Welcome! You have a new brain!
Brain Changes in Pregnancy
Does your brain change in pregnancy? Yep. It truly does. Your brain volume decreases in the 3rd trimester (hi, where did I leave my keys?!). So, yes, pregnancy brain is real.
A study published by Nature Neuroscience reveals that there is remodeling of the brain during pregnancy, and this remodeling can last for at least 2 years after giving birth! They found that gray matter changes in the brain regions associated with social cognition and theory of mind, which is the part of the brain that helps us think about what is going on in someone else’s mind (hi, baby!). These brain changes were so clear that a computer algorithm could detect which women in the study had been pregnant.
Many of these change stem from the increase in sex steroid hormones such as progesterone and estrogen. There is only one other time in life when our bodies produce such a large amount of these hormones- and it’s in puberty.
The brain changes associated with pregnancy is thought to help women transition into motherhood. As a pregnant woman or new mother you have new priorities, different tasks to complete, and your brain needs to adapt. While we now know this is normal, it can also feel overwhelming (think of what it felt like to be a teenager. Yesh!). This transition can feel overwhelming for any number of reasons: you have hormonal changes, brain changes, identity, relationship, or career changes. It’s a lot to take in and it takes time to find your footing.
What Can You Do?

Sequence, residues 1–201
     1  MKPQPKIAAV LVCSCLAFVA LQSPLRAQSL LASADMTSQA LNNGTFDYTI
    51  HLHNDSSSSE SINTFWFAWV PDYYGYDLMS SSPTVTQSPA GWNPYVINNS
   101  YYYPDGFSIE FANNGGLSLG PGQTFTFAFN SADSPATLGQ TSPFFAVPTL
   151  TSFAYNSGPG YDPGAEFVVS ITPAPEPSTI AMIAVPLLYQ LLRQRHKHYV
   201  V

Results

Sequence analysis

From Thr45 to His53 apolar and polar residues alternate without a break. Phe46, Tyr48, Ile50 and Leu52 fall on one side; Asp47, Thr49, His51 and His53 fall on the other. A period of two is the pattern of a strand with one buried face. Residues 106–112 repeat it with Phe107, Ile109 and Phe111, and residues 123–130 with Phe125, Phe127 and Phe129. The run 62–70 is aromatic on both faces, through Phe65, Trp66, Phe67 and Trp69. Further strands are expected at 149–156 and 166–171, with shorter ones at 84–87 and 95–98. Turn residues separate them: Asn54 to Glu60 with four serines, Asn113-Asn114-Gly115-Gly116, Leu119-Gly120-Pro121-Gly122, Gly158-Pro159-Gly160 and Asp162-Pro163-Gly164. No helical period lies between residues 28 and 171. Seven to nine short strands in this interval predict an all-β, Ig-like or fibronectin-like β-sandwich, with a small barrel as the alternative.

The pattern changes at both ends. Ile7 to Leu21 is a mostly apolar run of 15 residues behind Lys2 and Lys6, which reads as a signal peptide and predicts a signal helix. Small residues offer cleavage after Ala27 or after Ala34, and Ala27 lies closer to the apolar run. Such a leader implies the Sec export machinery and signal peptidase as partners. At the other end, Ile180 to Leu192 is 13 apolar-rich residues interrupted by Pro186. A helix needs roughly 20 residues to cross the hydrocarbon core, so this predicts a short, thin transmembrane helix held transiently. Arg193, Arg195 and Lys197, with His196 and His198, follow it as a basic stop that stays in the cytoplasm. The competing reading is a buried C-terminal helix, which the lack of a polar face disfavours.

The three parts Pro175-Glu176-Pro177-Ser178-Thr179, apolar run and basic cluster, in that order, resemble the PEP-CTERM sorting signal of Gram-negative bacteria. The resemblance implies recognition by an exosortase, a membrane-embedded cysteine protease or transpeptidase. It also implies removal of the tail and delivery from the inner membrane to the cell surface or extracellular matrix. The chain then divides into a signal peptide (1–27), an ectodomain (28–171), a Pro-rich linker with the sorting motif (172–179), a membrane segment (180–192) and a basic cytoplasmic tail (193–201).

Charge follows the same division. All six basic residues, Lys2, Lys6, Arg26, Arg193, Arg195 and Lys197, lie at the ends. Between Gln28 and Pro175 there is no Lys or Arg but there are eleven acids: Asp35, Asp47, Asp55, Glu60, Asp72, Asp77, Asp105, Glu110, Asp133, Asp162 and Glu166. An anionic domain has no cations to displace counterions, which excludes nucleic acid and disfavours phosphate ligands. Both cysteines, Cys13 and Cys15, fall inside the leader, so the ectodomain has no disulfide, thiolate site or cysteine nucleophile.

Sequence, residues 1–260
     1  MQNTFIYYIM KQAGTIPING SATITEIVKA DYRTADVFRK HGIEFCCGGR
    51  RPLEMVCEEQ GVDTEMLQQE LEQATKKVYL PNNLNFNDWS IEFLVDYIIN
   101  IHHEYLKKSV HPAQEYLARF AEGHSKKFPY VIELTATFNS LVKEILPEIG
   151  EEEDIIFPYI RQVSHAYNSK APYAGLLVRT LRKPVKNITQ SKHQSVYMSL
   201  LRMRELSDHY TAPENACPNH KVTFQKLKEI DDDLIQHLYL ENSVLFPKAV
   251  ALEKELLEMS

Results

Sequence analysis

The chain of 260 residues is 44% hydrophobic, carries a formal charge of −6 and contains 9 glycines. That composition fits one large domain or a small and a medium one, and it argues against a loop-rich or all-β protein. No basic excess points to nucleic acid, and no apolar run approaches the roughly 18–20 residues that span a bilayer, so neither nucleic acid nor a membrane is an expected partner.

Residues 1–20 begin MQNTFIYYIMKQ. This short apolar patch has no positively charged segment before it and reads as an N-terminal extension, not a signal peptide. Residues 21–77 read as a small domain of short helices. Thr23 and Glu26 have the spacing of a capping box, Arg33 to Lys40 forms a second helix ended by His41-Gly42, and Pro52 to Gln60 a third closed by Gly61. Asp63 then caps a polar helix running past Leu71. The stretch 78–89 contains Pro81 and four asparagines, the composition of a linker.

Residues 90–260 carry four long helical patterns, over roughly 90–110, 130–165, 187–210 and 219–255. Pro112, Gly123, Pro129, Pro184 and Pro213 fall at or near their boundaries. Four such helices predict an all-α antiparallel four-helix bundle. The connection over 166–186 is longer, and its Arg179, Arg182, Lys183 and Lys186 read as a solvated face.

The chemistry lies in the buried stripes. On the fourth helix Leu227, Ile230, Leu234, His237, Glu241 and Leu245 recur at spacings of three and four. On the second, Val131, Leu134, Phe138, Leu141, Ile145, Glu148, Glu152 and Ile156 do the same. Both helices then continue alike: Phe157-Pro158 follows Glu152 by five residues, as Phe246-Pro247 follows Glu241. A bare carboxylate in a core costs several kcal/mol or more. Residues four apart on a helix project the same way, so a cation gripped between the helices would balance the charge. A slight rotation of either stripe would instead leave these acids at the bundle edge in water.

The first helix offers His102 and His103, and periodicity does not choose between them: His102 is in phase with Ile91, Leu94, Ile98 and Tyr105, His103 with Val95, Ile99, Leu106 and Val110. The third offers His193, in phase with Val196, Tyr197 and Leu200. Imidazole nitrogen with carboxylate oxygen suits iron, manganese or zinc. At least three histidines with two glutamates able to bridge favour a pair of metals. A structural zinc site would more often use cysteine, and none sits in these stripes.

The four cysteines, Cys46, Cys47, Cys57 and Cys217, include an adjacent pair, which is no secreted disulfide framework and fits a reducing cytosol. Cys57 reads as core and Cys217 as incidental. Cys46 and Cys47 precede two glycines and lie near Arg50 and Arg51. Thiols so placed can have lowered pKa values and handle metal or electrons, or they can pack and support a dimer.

No matter how prepared you are for pregnancy and motherhood, no matter how much you desired it, it will be stressful. This is normal. It doesn’t mean anything is wrong with you for having a hard time adjusting to something you wanted or prepared for. Knowing there is a slow transition into motherhood, that it is something to be expected can help you identify times when you need help. There is no shame in reaching out to friends or family for support as you transition into motherhood (even if it’s a year after your child’s birth!).
Remember adolescence? It was awkward. Transitioning into motherhood, yea, it’s also awkward. But, who wants to be told “it’s ok to feel awkward” when you’re right in the middle of feeling super awkward? Or worse, when you feel like you’re failing and can’t hold it together anymore. Here are a few tips from Alexandra Sacks, MD on how to create a plan for yourself during this transition.
Name what is bothering you (“In the third trimester my legs started to swell more and I was easily wiped out after an hour.”)
Consider the change — how is your distress related to the recent change? How does this change impact you specifically and conflict with your familiar identity? (“I wanted to keep running around, but my body just wouldn’t let me.”)
Acknowledge the feelings related to this role change (“It was really frustrating.”)
Come up with a constructive plan, when you’re ready to accept new circumstances to make this change work for you (“I decided to focus on making a Pinterest page.”)
The main takeaway during this time is this: Don’t bottle up your feelings, know it’s normal to feel like you’re a different person, and reach out for help! Feel free to send me a message if you’re in the slumps, feeling confused, or just want someone to talk to. We got this, mama!